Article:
selective use of function-specific hardware accelerators. Indeed, dedicated SSL accelerators
operating in conjunction with a full proxy capable of identifying and dumping empty or malicious
SSL connectionsare instrumental when it comes to fending off SSL flood attacks.

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NetScaler performance ratings (MPX 22000 series)


TCP connections per second:

8.5 million

HTTP requests per second:

4.7 million

HTTP throughput:

120 Gbps

SSL transactions per second

560,000

SYN attacks per second

38 million

DNS requests per second

35 million

Concurrent SSL sessions

7.5 million

Concurrent TCP sessions

75 million

Intelligent memory handling Another way that NetScaler mitigates connection flood attacks
is by incorporating memory-less techniques for connection negotiation. These techniques are
used at multiple layers of the stack, including for TCP and HTTP setup, and keep NetScaler from
having to allocate resources until a new connection has been completely validated, or until an
actual application request has been submitted. This approach reduces dependency on an
excessively large connection table and eliminates the need for numerous reaping routines.
Reaping is still used in other scenarios to intelligently manage memoryfor example, by
prioritizing elimination of fragments under low-memory conditionsand to help counteract
some of the slow application layer attacks discussed in later sections. The net result is further
hardening of NetScaler itself against DoS attacks and better buffering of backend systems.
Extensive DNS protections DoS attacks against DNSan essential infrastructure service for
the modern datacenterare neither new nor uncommon. They include ordinary UDP floods, as
well as query-based floods that use numerous tricks, such as requesting records for nonexistent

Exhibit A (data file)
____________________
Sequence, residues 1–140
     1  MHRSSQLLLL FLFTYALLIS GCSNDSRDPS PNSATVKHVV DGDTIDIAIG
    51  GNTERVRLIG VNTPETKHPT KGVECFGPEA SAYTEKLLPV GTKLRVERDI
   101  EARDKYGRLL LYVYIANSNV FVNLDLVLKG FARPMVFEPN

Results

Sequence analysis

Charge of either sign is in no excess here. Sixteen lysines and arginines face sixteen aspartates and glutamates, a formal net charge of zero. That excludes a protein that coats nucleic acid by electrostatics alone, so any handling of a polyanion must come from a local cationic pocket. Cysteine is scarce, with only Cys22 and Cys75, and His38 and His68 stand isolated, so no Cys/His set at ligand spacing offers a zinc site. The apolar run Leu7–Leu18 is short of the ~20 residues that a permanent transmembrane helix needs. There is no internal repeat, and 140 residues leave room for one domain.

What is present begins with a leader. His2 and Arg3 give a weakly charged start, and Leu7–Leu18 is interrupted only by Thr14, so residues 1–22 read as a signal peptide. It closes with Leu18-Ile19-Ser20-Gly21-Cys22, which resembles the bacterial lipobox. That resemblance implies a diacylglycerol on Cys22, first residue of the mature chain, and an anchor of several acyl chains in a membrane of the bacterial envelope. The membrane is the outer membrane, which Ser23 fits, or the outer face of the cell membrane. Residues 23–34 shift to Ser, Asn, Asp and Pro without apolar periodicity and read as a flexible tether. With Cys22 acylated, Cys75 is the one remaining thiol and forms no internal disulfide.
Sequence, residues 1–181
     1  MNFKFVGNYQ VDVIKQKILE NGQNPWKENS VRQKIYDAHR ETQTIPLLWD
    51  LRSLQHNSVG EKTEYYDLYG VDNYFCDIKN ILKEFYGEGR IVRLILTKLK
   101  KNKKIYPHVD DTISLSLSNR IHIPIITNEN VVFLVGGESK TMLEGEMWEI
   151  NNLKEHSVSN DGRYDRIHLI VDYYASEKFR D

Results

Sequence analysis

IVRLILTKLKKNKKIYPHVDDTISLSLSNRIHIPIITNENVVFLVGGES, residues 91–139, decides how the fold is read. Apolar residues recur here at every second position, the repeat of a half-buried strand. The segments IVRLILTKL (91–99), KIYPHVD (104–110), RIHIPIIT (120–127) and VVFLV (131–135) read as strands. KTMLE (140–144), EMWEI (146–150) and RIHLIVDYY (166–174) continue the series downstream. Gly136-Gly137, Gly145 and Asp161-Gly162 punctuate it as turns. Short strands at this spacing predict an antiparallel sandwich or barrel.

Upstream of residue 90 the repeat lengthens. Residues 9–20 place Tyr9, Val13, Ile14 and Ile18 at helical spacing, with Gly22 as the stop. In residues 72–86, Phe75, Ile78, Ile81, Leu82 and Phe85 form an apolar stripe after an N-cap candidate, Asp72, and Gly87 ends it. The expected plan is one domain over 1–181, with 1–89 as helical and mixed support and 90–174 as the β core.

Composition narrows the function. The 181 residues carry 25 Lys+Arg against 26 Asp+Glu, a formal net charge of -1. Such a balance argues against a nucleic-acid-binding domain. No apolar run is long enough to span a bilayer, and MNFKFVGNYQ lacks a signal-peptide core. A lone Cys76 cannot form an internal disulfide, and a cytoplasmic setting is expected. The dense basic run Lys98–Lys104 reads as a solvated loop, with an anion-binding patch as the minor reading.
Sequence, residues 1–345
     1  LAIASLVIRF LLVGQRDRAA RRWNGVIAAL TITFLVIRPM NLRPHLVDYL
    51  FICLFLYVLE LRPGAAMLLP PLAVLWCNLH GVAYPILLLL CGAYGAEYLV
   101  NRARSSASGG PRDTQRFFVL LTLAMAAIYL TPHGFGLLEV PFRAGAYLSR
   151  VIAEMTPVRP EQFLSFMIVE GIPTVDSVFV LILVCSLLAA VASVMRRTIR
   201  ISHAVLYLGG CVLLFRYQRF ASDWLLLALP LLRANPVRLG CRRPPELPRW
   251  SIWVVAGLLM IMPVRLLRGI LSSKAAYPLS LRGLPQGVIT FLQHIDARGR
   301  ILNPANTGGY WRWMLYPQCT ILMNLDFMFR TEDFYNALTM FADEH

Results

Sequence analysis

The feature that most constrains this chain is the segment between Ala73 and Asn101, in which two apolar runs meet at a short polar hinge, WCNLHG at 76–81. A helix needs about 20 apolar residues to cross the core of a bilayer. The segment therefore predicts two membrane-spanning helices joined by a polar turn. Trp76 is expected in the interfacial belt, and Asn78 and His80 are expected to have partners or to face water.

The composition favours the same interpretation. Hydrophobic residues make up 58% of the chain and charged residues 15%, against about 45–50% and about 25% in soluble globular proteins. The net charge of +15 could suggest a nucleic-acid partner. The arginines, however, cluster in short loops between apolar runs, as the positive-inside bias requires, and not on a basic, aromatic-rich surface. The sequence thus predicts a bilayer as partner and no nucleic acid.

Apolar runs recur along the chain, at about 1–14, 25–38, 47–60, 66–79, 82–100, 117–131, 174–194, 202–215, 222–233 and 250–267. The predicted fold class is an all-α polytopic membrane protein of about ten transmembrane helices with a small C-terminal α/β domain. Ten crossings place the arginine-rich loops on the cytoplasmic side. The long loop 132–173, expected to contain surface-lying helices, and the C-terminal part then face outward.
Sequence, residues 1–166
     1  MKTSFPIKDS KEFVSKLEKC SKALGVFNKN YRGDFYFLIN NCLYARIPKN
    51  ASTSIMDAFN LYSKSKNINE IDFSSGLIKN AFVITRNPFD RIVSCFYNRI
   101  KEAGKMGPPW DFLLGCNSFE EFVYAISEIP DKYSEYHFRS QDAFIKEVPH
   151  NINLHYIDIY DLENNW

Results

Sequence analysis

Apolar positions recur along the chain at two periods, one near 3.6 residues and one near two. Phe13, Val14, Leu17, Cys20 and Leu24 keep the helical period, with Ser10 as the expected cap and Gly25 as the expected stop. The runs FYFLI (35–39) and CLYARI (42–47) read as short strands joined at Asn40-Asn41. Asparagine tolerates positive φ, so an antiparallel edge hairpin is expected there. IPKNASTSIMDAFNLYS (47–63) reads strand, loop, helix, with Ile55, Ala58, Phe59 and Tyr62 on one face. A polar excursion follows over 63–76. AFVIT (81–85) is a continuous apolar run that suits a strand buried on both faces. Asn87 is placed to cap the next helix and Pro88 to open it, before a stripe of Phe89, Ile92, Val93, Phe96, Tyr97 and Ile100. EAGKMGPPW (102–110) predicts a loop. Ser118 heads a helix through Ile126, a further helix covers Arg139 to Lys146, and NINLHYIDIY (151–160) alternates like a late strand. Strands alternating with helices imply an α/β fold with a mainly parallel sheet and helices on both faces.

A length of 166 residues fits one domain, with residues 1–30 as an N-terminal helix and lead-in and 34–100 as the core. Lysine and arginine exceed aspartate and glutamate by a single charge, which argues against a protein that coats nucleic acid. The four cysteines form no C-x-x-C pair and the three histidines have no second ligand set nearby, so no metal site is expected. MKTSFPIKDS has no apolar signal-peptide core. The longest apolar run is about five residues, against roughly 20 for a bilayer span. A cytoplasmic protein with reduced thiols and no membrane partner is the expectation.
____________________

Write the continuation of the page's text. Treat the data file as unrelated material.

hosts, to overload DNS servers. NetScaler addresses these threats by supporting two modes of
operation: 1. DNS proxy mode, where it load balances an organizations internal DNS servers; and
2. authoritative mode, where it directly serves as the organizations solution for name and IP
resolution requests. Mitigation features that apply to one or both of these modes include the
NetScaler full-proxy architecture and high-performance design, a hardened DNS
implementation, DNS protocol validation and DNS-specific rate limiting capabilities. NetScaler
support for DNSSEC enables it to neutralize threats that use forged and corrupted host records
for spreading to new targets.
Application-layer DoS protection
The latest domain of innovation for DoS attacks, the application layer, is problematic for several
reasons. To begin with, application-layer attacks are narrower in definition, often specific not just
to a given application layer protocol (e.g., HTTP), but to an individual application. Compounding
matters is the fact that the attack traffic is often indistinguishable in content and volume from
normal traffic. A classic example is a low-bandwidth attack that involves nothing more than a
steady series of requests to an application that are known to require substantial backend
processing (e.g., a complex calculation or search operation). Lower-level security devices, such as
network firewalls, are largely useless against such attacks; and even higher-level devices are likely
to require periodic tuning to keep up with new tactics and application-specific variables.

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NetScaler features that address application-layer DoS attacks include:


Application protocol validation Enforcing RFC compliance and best practices for HTTP use is a
highly effective way in which NetScaler eliminates an entire swath of attacks based on
malformed requests and illegal HTTP protocol behavior. Other custom checks and protections
can be added to the security policy by taking advantage of integrated content filtering, custom
response actions and bidirectional HTTP rewrite capabilities.
Surge protection and priority queuing In addition to protecting backend servers from being